Brazoria and Sierra maintains mutual ports of entry and checkpoints at several locations, most notably, the Hoosier Pass Border Crossing at Hoosier Pass, the Antero Junction Border Crossing near Antero Junction, Colorado, Front–Eighth Border Crossing near McClintock, Colorado, the Española Border Crossing at Española, Pecos, Kelsey–Rossmoor Port of Entry at West Albuquerque, West New Mexico and East Albuquerque, Pecos, and the Fairacres–La Llorona Port of Entry at Las Cruces, Pecos. The majority of roads connecting between Sierra and Brazoria feature a border checkpoint station. The Continental Divide provides geographic barrier between much of Sierra's West Colorado and Brazoria's Colorado, while the Rio Grande provides a similar barrier between Sierra's West New Mexico and Brazoria's Ute and Pecos. Lapses along the border without a manned checkpoint or geographic barrier are lined with security fencing or barricades to prevent uncontrolled crossings. Under Sierran law, any person traversing from Brazoria must declare themselves, along with proper identification and relevant travel documentation, regardless of citizenship or nationality, to the closest port of entry or checkpoint. The Sierran Border Security Force actively patrols sections near the international border, especially in West New Mexico where illegal crossings are relatively easier (albeit still dangerous) to execute as the Rio Grande is navigable by swimming.
The international border between Sierra and Brazoria is one of the world's most frequently crossed borders. Prior to the shutdowns and travel restrictions associated with the COVID-19 pandemic, in 2019 there was an estimated 150 million documented crossings.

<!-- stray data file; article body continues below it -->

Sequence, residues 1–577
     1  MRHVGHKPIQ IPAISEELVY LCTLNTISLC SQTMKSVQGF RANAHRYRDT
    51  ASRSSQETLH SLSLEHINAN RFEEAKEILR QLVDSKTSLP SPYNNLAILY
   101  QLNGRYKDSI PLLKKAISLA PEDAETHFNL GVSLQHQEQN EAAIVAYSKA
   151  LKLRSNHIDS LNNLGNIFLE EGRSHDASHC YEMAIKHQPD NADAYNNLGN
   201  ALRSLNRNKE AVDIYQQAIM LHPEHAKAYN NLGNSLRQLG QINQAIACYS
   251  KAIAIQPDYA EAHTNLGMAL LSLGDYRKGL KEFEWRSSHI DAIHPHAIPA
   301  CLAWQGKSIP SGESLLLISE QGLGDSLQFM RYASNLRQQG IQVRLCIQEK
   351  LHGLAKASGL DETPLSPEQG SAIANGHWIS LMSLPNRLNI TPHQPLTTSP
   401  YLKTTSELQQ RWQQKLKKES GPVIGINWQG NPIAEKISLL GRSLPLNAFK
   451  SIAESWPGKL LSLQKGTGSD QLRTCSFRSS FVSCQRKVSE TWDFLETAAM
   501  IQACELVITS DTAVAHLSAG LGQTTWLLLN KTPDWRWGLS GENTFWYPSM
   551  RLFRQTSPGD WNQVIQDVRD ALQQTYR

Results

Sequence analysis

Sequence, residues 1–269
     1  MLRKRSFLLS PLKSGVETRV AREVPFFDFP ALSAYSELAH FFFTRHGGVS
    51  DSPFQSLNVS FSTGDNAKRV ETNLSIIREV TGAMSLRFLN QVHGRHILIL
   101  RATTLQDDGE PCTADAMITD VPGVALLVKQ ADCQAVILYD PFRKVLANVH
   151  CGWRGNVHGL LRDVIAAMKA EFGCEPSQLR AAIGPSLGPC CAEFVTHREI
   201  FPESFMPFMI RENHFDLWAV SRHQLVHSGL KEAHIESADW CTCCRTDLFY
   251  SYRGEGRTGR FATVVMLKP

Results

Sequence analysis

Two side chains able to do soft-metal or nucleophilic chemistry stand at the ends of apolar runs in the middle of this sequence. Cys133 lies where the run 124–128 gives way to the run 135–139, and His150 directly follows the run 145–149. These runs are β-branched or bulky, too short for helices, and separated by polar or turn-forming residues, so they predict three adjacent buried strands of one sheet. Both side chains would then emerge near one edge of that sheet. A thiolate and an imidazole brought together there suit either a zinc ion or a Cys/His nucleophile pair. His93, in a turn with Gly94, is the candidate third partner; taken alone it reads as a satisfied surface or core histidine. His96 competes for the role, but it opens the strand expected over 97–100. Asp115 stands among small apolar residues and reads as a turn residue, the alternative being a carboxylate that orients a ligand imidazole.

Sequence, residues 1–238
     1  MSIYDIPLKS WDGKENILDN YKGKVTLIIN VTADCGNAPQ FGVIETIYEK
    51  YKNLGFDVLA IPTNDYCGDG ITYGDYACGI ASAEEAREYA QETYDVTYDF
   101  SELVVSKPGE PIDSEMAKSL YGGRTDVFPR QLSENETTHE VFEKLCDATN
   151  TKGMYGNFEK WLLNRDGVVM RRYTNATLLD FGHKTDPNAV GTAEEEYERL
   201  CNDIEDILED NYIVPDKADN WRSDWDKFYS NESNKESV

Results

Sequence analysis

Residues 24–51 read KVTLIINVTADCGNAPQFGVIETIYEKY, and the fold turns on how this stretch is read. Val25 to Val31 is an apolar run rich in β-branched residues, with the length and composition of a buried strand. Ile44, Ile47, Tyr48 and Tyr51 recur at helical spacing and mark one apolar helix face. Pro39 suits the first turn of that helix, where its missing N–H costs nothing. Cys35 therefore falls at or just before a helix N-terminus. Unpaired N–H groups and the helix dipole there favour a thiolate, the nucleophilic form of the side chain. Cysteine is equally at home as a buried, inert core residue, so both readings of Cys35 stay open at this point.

Mexico[edit | edit source]
The terrestrial boundaries of contiguous Sierra and Mexico is 727 miles (1,171 kilometers). The Sierran country of Bajaría (through the state of South Sonora) and the Sierran territory of West New Mexico shares borders with the Mexican states of Chihuahua and Sinaloa. The border begins at the Brazoria–Sierra–Mexico tripoint and moves westward along the West New Mexico–Chihuahua border, based on the line established from the Treaty of Guadalupe Hidalgo, before meeting with the Bajarian state border of South Sonora. The border from here cuts across the Chihuahuan Desert and Sonoran Desert, following roughly along the Sierra Madre Occidental range, before terminating into the Pacific Ocean in the Sea of Cortez. There are also two Sierran exclaves, Cancún and Mérida, located on the Yucatán, which are surrounded by Mexico on land but both have sea access to the Gulf of Mexico and Caribbean Sea respectively.
There are three major ports of entry between Sierra and Mexico. They are: the Agiabampo Dios Port of Entry in the Huatabampo Municipality, South Sonora, the Las Taunas Port of Entry near Yécora, South Sonora, and the Rancho El Valle Port of Entry near Chihuahua―South Sonora―West New Mexico tripoint. The Agiabampo Dios Port of Entry is the busiest international crossing between Sierra and Mexico, seeing more than 1.8 million travelers by vehicle and over 400,000 by foot annually.
There are a series of border barriers between Sierra and Mexico, mostly along sections of the Chihuahuan Desert between West New Mexico and Mexico. The first barriers were erected in 1911 and additional barriers were built between 1937 and 1948. Further barriers were built to extend the existing infrastructure during the 1990s. During the Heartwell ministry, more than 40 miles of fencing were added along the border, which included 10-feet-plus installations in response to rising tensions between the Sierran and Mexican governments, as well as Prime Minister Nemesis Heartwell's hardline policy against illegal immigration.